Majors laughed and led the way outside to the plane. The flight to Bowling Green would take more than an hour, bucking head winds. From there, Robbie Franklin said, it was another 30 minutes by car to where the prospect, 18-year-old Donnie Evans, lived on a dairy farm outside Franklin, Ky. Robbie carried an overnight bag. If necessary, he would spend the night to get the boy's signature on a national letter the next day, when binders became final. Majors was carrying only a briefcase.
"What's the story on this kid?" he asked as they buckled in, facing forward in the six-seater. "I thought he was ours."
"I think he needs to be reassured, coach. Woody Hayes came in with both barrels and now the boy's confused. I think he just wants to hear you say you want him."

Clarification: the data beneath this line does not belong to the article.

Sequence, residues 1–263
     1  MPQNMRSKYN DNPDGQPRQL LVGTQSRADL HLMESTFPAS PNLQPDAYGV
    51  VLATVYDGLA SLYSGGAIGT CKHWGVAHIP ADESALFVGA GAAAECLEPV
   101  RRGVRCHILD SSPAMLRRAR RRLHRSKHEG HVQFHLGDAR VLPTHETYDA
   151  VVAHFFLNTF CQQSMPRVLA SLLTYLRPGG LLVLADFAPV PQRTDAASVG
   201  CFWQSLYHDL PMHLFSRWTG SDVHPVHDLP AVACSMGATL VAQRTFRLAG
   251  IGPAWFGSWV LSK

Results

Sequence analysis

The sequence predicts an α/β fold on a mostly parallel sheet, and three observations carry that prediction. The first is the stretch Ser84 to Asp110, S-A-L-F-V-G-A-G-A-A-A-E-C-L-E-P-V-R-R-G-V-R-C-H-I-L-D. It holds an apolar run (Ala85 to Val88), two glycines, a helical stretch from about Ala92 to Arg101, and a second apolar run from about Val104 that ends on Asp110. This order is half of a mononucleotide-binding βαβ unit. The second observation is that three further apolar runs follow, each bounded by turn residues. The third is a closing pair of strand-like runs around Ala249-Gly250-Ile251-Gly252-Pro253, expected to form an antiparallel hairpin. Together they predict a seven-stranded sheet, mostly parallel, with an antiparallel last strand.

"Well, we want him, all right. He has the size we need."
Majors dug into his briefcase for his list of recruits, looking for statistics.
"Yes, sir. Probably make a nose guard. He saw your Pittsburgh defense in the Sugar Bowl and was impressed."
"How about academics?"
"Not too strong, but we can help him. He's certainly no dummy. He read where you said you wouldn't win the national championship with this year's crop of recruits."
"Well, that's right, isn't it? We've done O.K., but we were late starting. If we could have brought in the numbers we did at Pitt...."